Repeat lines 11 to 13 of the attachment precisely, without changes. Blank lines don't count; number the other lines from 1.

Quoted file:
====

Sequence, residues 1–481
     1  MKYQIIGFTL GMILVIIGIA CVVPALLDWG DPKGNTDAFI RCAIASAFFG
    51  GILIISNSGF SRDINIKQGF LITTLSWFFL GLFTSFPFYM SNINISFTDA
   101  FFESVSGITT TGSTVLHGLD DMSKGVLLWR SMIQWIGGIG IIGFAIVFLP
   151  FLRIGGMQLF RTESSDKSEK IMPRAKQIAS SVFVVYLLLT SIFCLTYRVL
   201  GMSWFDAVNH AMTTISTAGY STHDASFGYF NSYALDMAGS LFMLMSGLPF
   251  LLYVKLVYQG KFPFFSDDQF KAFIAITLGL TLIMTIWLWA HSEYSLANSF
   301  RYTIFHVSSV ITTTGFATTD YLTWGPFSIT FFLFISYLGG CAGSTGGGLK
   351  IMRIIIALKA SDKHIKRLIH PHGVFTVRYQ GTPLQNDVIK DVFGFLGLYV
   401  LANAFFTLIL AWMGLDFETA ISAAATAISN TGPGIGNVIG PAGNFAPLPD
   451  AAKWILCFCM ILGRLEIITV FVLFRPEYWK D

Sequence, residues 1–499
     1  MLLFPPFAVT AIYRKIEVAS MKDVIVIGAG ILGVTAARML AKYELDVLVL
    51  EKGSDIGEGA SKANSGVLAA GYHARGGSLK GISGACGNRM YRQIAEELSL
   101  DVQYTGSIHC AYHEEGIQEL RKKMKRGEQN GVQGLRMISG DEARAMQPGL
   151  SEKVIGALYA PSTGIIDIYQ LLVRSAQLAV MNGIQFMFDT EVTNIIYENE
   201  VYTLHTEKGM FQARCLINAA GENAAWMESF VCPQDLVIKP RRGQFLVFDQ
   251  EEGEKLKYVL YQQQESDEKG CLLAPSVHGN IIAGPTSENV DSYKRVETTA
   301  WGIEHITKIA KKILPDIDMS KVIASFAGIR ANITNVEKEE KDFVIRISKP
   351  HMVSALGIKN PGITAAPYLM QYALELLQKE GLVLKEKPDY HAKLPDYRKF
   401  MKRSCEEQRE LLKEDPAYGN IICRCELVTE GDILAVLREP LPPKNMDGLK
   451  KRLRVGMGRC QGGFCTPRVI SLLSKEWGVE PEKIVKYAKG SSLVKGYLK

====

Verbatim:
   451  AAKWILCFCM ILGRLEIITV FVLFRPEYWK D

Sequence, residues 1–499
     1  MLLFPPFAVT AIYRKIEVAS MKDVIVIGAG ILGVTAARML AKYELDVLVL